South Korean electronics giant Samsung announced Thursday that it has a new “unbreakable” display prototype.
Underwriters Laboratories (UL), a testing company for the Occupational Safety and Health Administration (OSHA) — part of the U.S. Department of Labor — certified the panel.
According to the testing company, the display passed a rigorous test based on military standards.
The display prototype survived 26 1.2-metre drop tests. Furthermore, the display survived high and low temperature tests ranging from 71 to -32 degrees Celsius.
Despite all the testing, the display panel continued to operate as normal with no damage to it’s front, sides or edges.
UL also performed a 1.8-metre drop test which did not damage the panel.
According to Samsung, the prototype uses a flexible OLED panel built using an unbreakable substrate. The company adhered the panel to a plastic overlay window.
The process was reportedly similar to current displays, though the OLED is fixed to glass which is inherently fragile.
“The fortified plastic window is especially suitable for portable electronic devices not only because of its unbreakable characteristics, but also because of its lightweight, transmissivity and hardness, which are all very similar to glass,” said Hojung Kim, general manager of the communication team at the Samsung Display Company.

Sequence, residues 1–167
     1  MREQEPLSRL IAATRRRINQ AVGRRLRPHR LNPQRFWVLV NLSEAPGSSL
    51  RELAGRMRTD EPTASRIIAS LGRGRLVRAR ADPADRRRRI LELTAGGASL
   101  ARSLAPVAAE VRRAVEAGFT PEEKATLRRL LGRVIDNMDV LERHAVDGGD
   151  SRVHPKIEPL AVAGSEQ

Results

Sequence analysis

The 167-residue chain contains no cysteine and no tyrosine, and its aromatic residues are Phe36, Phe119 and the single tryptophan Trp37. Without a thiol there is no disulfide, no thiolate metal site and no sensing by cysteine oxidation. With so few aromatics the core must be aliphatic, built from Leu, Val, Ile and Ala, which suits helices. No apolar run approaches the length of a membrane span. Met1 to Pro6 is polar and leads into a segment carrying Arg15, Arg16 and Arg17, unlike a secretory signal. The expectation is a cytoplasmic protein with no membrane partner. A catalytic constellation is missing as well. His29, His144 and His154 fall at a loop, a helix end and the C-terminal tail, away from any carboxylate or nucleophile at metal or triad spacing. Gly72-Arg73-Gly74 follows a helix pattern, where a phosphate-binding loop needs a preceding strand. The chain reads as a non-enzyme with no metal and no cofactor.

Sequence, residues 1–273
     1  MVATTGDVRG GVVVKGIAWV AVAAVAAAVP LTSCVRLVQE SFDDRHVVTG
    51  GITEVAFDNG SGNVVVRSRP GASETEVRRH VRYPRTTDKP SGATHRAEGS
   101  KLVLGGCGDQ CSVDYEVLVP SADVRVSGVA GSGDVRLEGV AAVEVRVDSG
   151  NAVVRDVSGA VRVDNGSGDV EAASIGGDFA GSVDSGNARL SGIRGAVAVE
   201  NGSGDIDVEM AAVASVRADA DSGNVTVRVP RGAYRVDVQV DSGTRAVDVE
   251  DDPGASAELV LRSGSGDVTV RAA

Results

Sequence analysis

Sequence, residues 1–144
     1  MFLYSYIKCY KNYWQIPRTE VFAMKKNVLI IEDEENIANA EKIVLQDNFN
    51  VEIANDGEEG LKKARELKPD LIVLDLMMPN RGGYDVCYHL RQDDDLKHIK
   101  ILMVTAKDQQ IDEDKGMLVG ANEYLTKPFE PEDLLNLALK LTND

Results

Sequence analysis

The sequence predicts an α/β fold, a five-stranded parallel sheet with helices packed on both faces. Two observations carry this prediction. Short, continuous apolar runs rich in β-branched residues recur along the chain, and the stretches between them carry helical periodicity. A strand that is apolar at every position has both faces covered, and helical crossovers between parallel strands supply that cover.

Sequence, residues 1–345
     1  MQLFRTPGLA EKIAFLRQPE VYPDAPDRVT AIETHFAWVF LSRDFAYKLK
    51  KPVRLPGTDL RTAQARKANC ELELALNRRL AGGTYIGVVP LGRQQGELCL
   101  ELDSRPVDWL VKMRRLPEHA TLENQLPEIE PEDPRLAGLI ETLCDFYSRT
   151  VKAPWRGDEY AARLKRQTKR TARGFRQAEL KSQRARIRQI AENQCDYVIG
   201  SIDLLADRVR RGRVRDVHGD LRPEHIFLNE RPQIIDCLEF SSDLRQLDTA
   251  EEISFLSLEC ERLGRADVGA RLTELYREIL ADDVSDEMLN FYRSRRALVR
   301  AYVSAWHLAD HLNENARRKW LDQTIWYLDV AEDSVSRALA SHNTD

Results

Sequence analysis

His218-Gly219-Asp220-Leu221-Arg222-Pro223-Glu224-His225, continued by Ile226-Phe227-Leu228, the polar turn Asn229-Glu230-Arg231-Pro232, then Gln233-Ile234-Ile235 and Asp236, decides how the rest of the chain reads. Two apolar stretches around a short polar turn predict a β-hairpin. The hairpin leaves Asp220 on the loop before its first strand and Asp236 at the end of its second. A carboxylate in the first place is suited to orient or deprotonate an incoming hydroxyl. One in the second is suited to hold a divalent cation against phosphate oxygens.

Display prototype in action
Samsung also published a YouTube video showing off the display prototype.
In the video, a woman describes the differences between the new prototype and traditional glass displays.
The woman attacks the prototype with a mallet, in an attempt to break or damage the display. Despite hitting the panel six times with a mallet, the prototype shows no visible damage.
However, the video doesn’t show the display turned on or activated at any point, leaving plenty of room to speculate about the panel’s actual durability.
It should be noted that using plastic to increase the durability of displays isn’t uncommon. Plastic is rather easy to scratch however.
While the Samsung prototype doesn’t appear to scratch in the video, it’s still to early to say if this is the display of the future.
If this prototype is everything it seems to be, however, we could have shatter-proof phones sooner than previously thought.